In the preamble of the Documenta, Enwezor organised with his staff of five co-workers four discussion platforms in Laos, Berlin, Vienna and Saint Lucia the past year. His plans were immediately criticised for being too theoretical, too vague and too ambitious. Art that was involved in political, social misunderstandings and urban development -sounds fantastic of course- but wasn't it too much? If you try to go through the report of those platforms, you will get a picture of the intention. It is quit extensive indeed. The terminology that is used, points at diverse subjects as post colonialism, entropy, inter-zones, cultural self-assuredness and identification. But the slogan that returns most in this flow of words is the idea of "geography of culture". It is actually an old subject: commitment between place, artist and art. Rudi Fuch liked to talk about it. How the work of Baselitz can only be German. That the work of Rainer could only have been made in Vienna because of Freud. The only difference with Enwezor is, that he stretched the "geography of imagination" to global proportions.
"Geographic ties are very real", Enwezor ensures us. "We were not satisfied with a virtual image of the world. The group of artists that we choose is very divers because we did travel around the world. Seen from London or New York it is very easy to say that art has stayed the same or not. But people informed us in Beirut and Teheran. What we wanted to show with those four discussion platforms is that Kassel is no longer the centre point of the Documenta. "
> So, you want to attract more attention for art from the periphery?
"Not that far. There was a discussion for a long time what art from the periphery is. Attention grew for a lot of things created in outside areas. I do not believe in that. Maybe a central idea of what art is, no longer exists, but what artists and other intellectuals do, is generated in big cities, not outside.""
> But you have selected "airport artists" without a fixed residence.
"I do not describe them in such terms. I am not against a nomadic idea in art. I object the idea that borders do not exist anymore. I noticed that a few years ago when I was preparing the biennale of Johannesburg and was invited for an exhibition in Italia. The Italian consulate in New York refused me a visa although I had an American passport. There I was: the so-called embodiment of globalisation and open borders". How pragmatic is the contemporary artist who deals with subjects such as political and multi-cultural problems or economic abuse, like the American photographer Allan Sekula? Sekula has been photographing harbours around the world for years. Harbours were workers are on strike because of unequal working relations, under-payment and bad working conditions. A few years ago, a inhabitant of Glasgow, blamed him, during a discussion in Rotterdam, for a lack of engagement: Sekula travelled up and down to show his admonishing finger, but to what end?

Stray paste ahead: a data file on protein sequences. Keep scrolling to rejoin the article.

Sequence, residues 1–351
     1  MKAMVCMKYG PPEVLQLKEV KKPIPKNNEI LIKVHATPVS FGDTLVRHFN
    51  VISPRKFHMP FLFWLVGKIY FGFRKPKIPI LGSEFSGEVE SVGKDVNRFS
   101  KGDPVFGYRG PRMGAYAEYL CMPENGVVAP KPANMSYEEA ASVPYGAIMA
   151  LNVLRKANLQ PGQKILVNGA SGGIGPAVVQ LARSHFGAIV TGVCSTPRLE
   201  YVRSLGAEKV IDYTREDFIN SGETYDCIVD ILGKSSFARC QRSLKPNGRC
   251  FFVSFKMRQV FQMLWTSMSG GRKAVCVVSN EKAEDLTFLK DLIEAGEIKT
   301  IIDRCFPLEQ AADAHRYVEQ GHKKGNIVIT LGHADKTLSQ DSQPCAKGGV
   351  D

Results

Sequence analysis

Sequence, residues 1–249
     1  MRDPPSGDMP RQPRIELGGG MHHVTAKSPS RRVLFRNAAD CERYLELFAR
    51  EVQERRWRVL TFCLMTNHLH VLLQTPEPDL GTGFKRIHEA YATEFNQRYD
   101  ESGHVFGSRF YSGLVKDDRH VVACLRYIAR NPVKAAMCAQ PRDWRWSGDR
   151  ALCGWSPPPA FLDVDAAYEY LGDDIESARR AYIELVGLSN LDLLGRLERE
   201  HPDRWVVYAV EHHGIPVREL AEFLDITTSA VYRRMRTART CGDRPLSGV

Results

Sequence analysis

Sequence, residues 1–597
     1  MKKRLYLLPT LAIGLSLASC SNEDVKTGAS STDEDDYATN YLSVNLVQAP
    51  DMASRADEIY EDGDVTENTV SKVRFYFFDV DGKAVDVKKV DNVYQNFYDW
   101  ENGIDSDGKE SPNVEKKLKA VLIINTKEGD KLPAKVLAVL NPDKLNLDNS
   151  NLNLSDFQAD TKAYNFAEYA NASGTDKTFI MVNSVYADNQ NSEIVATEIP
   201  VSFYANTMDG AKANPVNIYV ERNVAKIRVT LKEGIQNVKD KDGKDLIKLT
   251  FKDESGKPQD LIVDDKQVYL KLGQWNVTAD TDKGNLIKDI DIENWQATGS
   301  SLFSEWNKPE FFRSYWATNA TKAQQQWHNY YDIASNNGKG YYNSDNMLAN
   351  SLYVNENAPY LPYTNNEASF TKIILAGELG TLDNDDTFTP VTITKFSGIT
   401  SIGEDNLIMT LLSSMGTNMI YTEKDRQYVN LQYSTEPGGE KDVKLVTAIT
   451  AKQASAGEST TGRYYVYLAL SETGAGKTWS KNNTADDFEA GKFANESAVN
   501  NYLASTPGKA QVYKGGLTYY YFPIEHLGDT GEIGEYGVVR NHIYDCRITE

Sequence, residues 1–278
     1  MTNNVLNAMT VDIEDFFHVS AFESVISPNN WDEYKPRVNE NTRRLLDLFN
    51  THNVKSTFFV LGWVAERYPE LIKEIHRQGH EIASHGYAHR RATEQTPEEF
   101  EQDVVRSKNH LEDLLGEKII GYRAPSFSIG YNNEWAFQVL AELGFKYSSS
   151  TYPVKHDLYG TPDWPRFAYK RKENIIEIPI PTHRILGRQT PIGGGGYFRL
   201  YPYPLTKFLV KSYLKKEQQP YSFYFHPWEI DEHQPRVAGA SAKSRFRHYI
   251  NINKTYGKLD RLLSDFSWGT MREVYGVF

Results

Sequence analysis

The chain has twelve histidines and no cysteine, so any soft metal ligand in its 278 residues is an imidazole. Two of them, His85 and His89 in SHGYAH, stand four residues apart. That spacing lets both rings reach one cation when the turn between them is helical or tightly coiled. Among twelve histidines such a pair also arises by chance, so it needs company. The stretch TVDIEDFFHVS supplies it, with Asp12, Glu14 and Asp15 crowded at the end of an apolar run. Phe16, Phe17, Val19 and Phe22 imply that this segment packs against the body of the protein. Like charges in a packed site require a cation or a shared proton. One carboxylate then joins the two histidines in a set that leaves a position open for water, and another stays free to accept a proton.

Enwezor: "Such a reproach is wrong. Sekula's documentary photos handle more then just Glasgow. His approach is broader then that. It is about global commerce. He want to give a expressive analysis, a virtual essay of what happens in harbours all over the world, from Singapore to Manchester and from Liverpool to Los Angeles".
> You invited more utopian artists like "our" Constant Nieuwenhuys, with his New Babylon project.
"Art is not about solutions. Documenta is not going to be an exhibition of visual end products. It will be a diagnostic exhibition: an interdisciplinary research without conclusions. Everything is changing constantly and we try to join in".
How Enwezor thinks that the public understands these starting-points stays unclear. The World Art - in complete end products or theoretical half products- has so many faces nowadays, that it is unthinkable that visitors of the Documenta will recognize it, let alone appreciate it.
> Isn't the Documenta the hundredth "world-exhibition"?
"It might be an overview, but one of artworks. We brought together the most diverge disciplines: paintings as well as statues, photos, film, architecture, video and new media."
> Is the public able to follow all this?
"God forbid that only insiders will come. Art is very complex of course, but luckily a lot of people are interested and not discouraged by the pessimism that lives in the art-world. We want to show how vital art is. That art has a relation with popular culture, but is not bound to capitalism".
This is the shortened version of an article that appeared in the Dutch magazine "Vrij Nederland" on June 8 2002